Tuesday, 04 September 2018 14:03

ASM Members Awarded Kavli Prize in Nanoscience

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Published in ASM News

Emmanuelle Charpentier of the Max Planck Institute for Infection Biology, an ASM member, and Jennifer Doudna of the University of California, Berkeley, a fellow of the American Academy of Microbiology, were awarded the Kavli Prize in Nanoscience “for the invention of CRISPR-Cas9, a precise nanotool for editing DNA, causing a revolution in biology, agriculture, and medicine.” “CRISPR-Cas9 confers to society enormous capabilities for positive innovations. Possible benefits are wide-ranging in scope and value. CRISPR-Cas9 is a breakthrough nanotool that will considerably enhance our understanding of genetic mechanisms,” said Arne Brataas, chair of the nanoscience prize committee, in a statement.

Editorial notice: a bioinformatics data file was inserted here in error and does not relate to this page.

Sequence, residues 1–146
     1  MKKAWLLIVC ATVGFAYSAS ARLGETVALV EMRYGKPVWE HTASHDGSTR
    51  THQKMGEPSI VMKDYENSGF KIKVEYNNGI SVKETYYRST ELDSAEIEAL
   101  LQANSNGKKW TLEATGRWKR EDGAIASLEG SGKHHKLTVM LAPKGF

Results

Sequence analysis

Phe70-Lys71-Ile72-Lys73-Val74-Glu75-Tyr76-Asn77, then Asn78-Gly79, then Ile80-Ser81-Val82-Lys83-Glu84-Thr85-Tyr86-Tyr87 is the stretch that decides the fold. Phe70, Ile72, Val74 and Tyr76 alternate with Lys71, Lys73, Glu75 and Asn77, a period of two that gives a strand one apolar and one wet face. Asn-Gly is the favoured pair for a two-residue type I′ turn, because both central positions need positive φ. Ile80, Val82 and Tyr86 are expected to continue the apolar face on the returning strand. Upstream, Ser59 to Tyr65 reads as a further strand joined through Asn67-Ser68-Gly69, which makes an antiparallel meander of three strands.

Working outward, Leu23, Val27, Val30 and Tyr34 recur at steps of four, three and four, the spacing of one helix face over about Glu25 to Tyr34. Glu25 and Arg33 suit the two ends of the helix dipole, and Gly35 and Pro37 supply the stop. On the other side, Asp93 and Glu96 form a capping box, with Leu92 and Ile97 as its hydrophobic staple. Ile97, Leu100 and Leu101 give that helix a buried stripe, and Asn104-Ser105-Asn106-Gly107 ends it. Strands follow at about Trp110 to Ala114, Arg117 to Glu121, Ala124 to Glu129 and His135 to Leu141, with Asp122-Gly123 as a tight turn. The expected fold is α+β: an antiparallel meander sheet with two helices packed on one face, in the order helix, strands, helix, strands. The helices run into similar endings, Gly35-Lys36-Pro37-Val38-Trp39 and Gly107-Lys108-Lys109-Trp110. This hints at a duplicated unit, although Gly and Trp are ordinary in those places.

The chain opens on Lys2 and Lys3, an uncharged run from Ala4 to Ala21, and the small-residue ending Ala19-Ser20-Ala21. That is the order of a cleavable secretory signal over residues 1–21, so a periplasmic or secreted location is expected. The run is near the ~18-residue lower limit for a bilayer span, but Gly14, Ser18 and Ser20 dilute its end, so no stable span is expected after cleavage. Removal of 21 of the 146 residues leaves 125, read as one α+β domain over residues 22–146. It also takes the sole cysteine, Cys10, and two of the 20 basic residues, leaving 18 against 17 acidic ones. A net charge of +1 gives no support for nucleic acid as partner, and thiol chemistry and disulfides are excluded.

The winners were honored today in Norway during a gala ceremony hosted by King Harald V, part of a week of events celebrating all seven 2018 Kavli prize winners. Virginijus Šikšnys of Vilnius University in Lithuania, another early CRISPR researcher, shared the honor with Doudna and Charpentier. The Norwegian Academy of Science and Letters selected the laureates and the three award winners shared a cash prize of $1 million and received gold medals.

Kavli nanoscience

Emmanuelle Charpentier and Jennifer Doudna receiving the prize from King Harald V.

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